Meet Your Neighbor: Linda Kurtz of Fruita
Special to the Free Press
Editor’s note: We want to meet your neighbor. Send nominations to email@example.com.
Denise: What do you do in Fruita?
Linda: I am the owner of Valley Gate Ministries and of the Rose Hue Galleries. Both of these businesses are located on East Aspen Avenue.
Denise: Can you tell me a bit about these two businesses?
Linda: Valley Gate Ministries is a Christian-based meeting place where members of different denominations to get together and meet with other Christians. It is a bit different from other Christian-based meeting places, as it is not associated with any one church and you don’t have to belong to a particular church to participate.
The Rose Hue Gallery is an art gallery. I rent vendor space to a number of artists and photographers in the valley. Each artist is required to work one day per month in the gallery.
Denise: Why did you locate in Fruita?
Linda: I used money from an inheritance to purchase the Historian building downtown. I had wanted to establish a Christian meeting room, and it seemed like it would make a great location. I also liked the idea of saving an existing building that was in disrepair. After obtaining some estimates from contractors, my husband, Doug, and I decided to proceed. We saw great potential in downtown Fruita and in bringing the old building back to life.
Denise: Are you an artist?
Linda: I am neither an artist nor a businessperson, but I just kept thinking that an art gallery would be great for Fruita. The idea wouldn’t go away, and although I was going to rent out the retail space in the building to a young couple, when that didn’t pan out, I went back to my idea of an art gallery. I think Fruita is going to be a great center for the arts.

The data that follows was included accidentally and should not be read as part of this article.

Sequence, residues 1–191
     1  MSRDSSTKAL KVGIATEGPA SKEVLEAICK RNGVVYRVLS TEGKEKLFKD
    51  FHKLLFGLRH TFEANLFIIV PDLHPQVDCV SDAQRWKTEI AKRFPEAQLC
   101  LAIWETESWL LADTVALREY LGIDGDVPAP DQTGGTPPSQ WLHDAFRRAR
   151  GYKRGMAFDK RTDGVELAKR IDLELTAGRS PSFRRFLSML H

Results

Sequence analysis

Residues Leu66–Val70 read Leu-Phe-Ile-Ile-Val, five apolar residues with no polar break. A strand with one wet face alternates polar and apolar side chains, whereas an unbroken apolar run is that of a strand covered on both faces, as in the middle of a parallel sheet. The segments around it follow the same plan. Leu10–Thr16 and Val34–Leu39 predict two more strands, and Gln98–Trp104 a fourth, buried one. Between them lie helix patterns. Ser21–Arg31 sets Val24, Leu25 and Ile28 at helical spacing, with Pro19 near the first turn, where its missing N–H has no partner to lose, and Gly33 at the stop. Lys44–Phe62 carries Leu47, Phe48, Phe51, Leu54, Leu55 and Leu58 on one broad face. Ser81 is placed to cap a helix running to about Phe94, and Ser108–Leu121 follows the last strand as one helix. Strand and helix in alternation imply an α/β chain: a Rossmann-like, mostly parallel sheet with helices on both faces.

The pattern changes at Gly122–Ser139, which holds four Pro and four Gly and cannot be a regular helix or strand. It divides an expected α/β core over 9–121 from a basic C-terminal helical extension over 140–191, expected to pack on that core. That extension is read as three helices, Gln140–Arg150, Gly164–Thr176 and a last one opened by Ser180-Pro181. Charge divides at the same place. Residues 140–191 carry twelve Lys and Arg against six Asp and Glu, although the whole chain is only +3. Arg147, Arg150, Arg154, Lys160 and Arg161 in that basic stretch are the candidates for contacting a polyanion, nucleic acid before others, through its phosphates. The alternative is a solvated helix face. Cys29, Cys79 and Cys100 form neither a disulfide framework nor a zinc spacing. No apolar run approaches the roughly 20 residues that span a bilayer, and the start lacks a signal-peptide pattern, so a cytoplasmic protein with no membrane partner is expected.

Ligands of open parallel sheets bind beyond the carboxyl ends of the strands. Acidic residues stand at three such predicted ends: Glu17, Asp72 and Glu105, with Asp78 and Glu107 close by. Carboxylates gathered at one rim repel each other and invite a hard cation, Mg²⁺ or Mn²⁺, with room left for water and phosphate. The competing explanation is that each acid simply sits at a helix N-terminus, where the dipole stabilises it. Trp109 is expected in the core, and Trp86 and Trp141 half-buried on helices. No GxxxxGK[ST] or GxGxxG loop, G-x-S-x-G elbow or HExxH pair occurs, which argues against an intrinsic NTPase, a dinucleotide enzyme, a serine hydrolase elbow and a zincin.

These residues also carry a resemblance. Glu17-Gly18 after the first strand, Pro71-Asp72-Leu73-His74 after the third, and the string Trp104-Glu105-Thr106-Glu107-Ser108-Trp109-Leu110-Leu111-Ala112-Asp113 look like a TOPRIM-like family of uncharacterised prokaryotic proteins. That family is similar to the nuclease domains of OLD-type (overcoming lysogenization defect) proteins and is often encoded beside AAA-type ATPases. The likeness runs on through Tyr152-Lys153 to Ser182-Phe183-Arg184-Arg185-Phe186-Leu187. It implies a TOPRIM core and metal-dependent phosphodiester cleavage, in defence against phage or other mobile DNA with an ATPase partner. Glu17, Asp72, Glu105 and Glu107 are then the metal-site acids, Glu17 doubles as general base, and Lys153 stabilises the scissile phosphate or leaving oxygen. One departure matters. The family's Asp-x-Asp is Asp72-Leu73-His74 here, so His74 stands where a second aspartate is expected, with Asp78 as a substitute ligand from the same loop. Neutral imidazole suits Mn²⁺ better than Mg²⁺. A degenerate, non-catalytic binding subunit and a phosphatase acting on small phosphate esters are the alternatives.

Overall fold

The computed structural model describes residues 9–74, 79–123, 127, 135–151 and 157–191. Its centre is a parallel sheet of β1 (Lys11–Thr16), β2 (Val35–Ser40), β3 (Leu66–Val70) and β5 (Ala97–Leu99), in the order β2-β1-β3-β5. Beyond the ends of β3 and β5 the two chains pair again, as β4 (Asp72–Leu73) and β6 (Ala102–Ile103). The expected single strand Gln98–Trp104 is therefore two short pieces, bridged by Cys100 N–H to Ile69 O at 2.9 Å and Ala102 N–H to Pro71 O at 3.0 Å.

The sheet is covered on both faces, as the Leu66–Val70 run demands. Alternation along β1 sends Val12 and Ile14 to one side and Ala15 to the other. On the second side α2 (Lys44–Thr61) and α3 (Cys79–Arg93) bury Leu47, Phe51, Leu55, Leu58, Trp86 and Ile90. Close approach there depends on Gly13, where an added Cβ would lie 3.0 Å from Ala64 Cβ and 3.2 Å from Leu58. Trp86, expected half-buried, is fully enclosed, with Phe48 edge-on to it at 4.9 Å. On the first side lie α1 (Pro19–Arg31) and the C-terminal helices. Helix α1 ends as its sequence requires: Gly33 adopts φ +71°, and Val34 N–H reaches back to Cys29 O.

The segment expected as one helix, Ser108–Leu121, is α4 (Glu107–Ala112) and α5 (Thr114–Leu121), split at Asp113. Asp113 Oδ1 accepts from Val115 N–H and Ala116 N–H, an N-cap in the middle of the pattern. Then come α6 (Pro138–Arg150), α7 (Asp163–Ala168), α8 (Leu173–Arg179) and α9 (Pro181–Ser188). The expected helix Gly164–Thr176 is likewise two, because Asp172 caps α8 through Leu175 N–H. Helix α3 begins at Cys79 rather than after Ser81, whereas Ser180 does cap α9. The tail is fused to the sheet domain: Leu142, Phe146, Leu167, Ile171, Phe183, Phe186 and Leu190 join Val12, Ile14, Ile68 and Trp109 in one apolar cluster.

Denise: What other interests do you have?
Linda: I enjoy hiking and playing the keyboard, but my husband and I are legal guardians to our four grandchildren, and looking after them and taking them to school activities in Fruita takes up much of my time. We live in the west end of the Redlands, closer to Fruita than downtown Grand Junction; and it was my grandson, several years ago when he was seven, who said to me one day, as we were looking out of our house towards Fruita, “You know, Fruita is really going to grow.” And he was right.
Denise: What are your plans for the future?
Linda: I want to build up the gallery and represent more artists. As the reputation of the gallery grows, so will the number of customers. I want to get involved in more events in Fruita, such as Fruita Fourth Friday, where I can promote the gallery and the meeting room. There is a great momentum in Fruita right now, and it is a great time to be here.
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Monday’s arrival of the Garfield Re-2 School District’s mask mandate was met by an organized protest and march in Rifle.